Discussion. SES have dramatically reduced the risk of restenosis by suppressing neointimal hyperplasia.1 Sirolimus, however, may cause endothelial dysfunction by damaging vascular endothelium or impairing vascular repair,2 and patients with coronary artery spasm may have endothelial dysfunction of the coronary arteries.3,4 Stent-based local delivery of sirolimus profoundly inhibited neointimal formation but caused vasomotor dysfunction in distal conduit vessel segments at 4 weeks after SES implantation in pigs.5 Previous studies in humans have reported that incomplete neointimal or endothelial coverage occurred in SES 3–6 months after implantation, as evaluated by angioscopy6 or optical coherence tomography,7 and reported exercise-induced coronary vasoconstriction in the vessel segments adjacent to the SES, but not to the BMS,8 and abnormal coronary vasoconstriction in the endothelium-dependent vasodilator acetylcholine proximally or distally to the site of SES implantation in asymptomatic patients.9–11 Although vascular endothelial dysfunction was reported to increase with hypertension and hypercholesterolemia,12 SES could cause additional endothelial dysfunction and finally induce coronary vasospasm. Recently, 7 patients with severe coronary spasm after SES deployment were reported,13 but aside from 1 asymptomatic patient identified by angiography alone 4 weeks after SES implantation, the other 6 patients developed chest pain symptoms within 2 weeks of stent deployment. We previously reported that peak peripheral blood concentrations of sirolimus in Japanese patients were observed approximately 4 hours after SES placement,14 and it was reported that around 80% of sirolimus was released within 30 days of SES implantation.9 Coronary spasm within 2 weeks after SES implantation as reported in previous cases is likely due to direct damage of the vascular endothelium by sirolimus.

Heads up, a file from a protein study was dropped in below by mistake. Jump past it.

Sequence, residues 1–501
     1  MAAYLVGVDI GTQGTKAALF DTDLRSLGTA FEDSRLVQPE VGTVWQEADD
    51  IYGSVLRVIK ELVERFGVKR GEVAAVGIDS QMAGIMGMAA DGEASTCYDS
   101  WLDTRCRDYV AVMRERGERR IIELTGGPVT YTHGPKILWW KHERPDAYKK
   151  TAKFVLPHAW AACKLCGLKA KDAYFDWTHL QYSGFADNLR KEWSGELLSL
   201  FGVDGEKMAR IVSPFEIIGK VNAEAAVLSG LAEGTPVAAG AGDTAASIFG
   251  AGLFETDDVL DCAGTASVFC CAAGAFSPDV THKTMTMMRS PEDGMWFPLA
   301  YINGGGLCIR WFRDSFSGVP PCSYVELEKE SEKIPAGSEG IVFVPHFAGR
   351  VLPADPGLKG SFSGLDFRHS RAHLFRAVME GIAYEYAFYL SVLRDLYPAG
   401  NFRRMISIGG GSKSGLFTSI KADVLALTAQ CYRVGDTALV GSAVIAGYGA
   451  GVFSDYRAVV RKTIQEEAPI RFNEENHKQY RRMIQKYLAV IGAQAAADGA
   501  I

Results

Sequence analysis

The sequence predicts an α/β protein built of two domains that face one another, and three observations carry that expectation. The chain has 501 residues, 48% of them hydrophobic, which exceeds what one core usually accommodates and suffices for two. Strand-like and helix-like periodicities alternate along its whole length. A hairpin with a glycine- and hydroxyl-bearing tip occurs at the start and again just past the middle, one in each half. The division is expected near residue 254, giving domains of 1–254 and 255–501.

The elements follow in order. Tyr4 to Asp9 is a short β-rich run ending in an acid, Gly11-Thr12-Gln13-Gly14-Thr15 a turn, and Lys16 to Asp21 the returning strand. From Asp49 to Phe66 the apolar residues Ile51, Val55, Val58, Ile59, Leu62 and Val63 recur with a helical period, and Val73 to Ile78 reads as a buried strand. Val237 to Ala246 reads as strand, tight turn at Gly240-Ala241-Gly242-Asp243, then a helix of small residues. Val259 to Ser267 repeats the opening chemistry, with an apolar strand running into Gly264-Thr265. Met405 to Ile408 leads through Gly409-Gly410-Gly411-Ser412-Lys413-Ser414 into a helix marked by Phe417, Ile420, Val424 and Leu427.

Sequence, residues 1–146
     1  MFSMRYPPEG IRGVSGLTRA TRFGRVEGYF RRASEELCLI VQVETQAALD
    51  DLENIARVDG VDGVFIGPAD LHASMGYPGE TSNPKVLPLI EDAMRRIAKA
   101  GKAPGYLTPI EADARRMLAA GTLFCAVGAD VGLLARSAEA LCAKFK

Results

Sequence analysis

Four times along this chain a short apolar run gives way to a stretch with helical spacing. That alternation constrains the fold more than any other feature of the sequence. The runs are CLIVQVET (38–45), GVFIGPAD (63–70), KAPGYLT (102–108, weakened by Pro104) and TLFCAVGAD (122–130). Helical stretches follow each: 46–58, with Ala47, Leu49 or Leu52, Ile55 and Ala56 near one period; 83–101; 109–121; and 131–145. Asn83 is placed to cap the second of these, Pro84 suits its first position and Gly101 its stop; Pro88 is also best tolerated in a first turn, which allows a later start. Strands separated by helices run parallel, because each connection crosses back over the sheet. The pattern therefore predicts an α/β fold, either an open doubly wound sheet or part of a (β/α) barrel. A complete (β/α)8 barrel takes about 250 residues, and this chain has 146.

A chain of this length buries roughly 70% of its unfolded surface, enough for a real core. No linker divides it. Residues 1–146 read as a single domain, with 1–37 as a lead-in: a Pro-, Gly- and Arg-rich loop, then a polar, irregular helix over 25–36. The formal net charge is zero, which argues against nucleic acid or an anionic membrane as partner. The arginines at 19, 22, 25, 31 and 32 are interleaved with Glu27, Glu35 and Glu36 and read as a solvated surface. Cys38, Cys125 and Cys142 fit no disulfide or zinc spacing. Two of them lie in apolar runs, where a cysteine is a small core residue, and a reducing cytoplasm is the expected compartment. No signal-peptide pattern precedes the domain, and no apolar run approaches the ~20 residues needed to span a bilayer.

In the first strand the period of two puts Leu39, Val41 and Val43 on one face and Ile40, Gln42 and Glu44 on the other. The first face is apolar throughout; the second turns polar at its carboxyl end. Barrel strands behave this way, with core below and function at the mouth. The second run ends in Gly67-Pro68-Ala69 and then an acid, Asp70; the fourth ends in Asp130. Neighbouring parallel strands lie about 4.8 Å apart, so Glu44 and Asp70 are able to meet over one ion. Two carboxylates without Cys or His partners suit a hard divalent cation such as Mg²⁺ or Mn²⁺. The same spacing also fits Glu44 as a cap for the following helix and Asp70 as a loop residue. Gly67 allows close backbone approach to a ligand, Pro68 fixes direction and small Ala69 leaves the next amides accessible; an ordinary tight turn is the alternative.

In the present case, however, Prinzmetal’s angina occurred 3 months after SES implantation, and no incidence of symptomatic coronary spasm during the 3 months after SES implantation was reported. Other possible mechanisms of coronary vasoconstriction are alterations in autonomic tone, reactive oxygen species, smooth muscle hypercontractility, inflammation and allergic responses.13 In particular, localized hypersensitivity to the polymer coating on SES and inflammation were reported,15 reactions that could cause coronary vasospasm. Therefore, coronary spasm in this case could have been caused not only by sirolimus-induced endothelial dysfunction, but also by hypersensitivity to the polymer coating on SES and the resultant inflammation.